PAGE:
death of Zelophehad, a man who had no sons. His land was inherited by his daughters. In
order that the land not pass out of the clan upon their marriage, Moses directed (as their
spiritual authority) that they must marry within their clan. The elders of the clan had
come to Moses with the problem. In this passage the principle appears to be that authority
over an orphaned daughter lies not only with her mother, but also with the male relative
(older men within the clan) and pastors/elders (spiritual authorities). The relationships
of Esther and Mordecai and Ruth and Naomi give additional insights into this complex
Finding Gods Choice for a Mate
The far more expected transfer of authority is to a
husband. How then should a father approach the marriage of his daughter? There is no need
even to consider this issue if the daughter has rejected God's principles or has never
been taught them. If she is out from under her father's authority and protection to start
with, there can be no transfer. That which I do not have, I cannot give. Just as I give
Christ the authority over my life and willingly obey His command, so must my daughter
willingly allow me the authority over her, and willingly submit to her husband.
Let us assume that my daughter has been raised in a godly
home and more than anything else desires God's best in her life, and trusts Him to work
through her father, a man whose failings and weaknesses she knows well. What then, as
fathers, shall we do? Fortunately, God gives very clear directions. "Do not
intermarry with them; do not give your daughters to their sons." (Deut. 7:3).
"But if you turn away and ally yourselves with the survivors of these nations...
and if you intermarry with them... they will become traps and snares for you, whips on
your back and thorns in your eyes" (Josh. 23:12).
Under the old covenant, marriage was restricted to another
covenant child of God. Likewise in the new covenant, marriage is limited to a child of the
new covenant, another Christian. "Do not be yoked together with unbelievers. For
what do righteousness and wickedness have in common? Or what fellowship can light have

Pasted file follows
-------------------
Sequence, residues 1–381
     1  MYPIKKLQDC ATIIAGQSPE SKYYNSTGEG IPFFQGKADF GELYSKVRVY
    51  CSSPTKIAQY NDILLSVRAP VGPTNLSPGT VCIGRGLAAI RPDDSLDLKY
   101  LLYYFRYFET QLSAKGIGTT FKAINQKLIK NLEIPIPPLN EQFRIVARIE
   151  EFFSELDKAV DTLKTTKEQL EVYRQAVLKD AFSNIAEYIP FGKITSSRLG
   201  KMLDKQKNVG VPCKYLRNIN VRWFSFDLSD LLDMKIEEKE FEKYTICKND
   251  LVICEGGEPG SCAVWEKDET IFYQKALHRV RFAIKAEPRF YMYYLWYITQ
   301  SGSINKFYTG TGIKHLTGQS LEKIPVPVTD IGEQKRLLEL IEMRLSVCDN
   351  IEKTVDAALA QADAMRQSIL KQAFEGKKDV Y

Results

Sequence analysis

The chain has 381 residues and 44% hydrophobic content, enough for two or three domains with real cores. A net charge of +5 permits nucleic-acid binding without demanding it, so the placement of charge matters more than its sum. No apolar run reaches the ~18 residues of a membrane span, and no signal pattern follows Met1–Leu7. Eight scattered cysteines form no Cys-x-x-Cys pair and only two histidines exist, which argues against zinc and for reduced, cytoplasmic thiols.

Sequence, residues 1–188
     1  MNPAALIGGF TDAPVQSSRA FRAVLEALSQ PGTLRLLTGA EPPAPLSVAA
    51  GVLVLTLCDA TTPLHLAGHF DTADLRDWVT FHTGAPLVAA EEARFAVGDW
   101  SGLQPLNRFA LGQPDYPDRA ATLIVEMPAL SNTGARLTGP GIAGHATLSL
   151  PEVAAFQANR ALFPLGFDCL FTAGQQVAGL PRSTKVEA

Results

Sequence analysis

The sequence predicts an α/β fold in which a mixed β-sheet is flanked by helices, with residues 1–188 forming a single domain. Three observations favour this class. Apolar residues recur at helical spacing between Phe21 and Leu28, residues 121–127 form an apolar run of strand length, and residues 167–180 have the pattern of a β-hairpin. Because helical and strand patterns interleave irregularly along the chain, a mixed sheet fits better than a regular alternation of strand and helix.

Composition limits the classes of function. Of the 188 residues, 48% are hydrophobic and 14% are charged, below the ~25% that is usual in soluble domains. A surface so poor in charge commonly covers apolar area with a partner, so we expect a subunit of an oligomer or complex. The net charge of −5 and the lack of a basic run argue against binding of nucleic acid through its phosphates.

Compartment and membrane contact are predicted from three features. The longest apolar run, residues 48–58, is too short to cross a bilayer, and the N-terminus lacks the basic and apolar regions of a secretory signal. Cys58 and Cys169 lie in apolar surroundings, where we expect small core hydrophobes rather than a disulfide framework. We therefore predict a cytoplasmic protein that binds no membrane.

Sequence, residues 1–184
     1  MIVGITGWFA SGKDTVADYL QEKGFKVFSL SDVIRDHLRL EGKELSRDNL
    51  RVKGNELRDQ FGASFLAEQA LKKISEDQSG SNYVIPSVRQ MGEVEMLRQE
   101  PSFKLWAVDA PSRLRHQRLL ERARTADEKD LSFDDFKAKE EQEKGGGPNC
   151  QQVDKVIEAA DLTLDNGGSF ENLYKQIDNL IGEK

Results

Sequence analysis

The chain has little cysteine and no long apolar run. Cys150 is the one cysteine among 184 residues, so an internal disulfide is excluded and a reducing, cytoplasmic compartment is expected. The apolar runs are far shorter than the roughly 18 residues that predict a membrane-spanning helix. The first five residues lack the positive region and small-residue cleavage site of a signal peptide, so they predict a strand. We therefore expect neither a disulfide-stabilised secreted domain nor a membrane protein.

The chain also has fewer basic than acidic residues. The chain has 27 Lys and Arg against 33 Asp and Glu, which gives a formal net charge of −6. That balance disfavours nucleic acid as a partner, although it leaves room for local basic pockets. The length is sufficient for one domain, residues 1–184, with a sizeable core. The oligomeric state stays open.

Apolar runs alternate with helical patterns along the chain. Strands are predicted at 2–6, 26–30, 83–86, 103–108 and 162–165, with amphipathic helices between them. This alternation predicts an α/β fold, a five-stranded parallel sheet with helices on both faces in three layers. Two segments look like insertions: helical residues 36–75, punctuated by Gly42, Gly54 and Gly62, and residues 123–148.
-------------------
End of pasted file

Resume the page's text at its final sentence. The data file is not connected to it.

with darkness?" (2 Cor 6:14) But as is frequently the case, the principle here is
broader than it was under the old covenant. There marriage was limited. Under the
principle of 2 Corinthians 6 fellowship and any other "yoking together" is
limited. I believe this would limit any boy-girl relationship for my children to a fellow
believer. In directing this I need to be as sure as I can be that my child is a believer
lest they be a snare or trap to someone who assumes their salvation because they are my
The foregoing mention of boy-girl relationships is not an
acknowledgment of dating as it is practiced in our day. "Dating" is, in my view,
a dangerous temptation to our youth and a wasteful abuse of God's provision. A marriage
completely arranged by parents without the input of the couple is also unscriptural.
"Under three things the earth trembles, under four it cannot bear up; a servant
who becomes king, a fool who is full of food, an unloved woman who is married, and a
maidservant who displaces her mistress." (Prov. 30:21-23)
Love in a marriage after the initial rush of excitement is
a result of commitment to one another and of understanding and meeting a mate's needs.
Love grows in a good marriage. An unloved woman then is one whose husband is not committed
to her, will not meet her needs; does not have her best interests at heart, and who does
not understand his relationship with Christ and his wife. It is my responsibility along
with my daughter to try to assure that this will not happen to her. That will require
father and daughter to spend time with the man.
During the time the daughter is alone with a prospective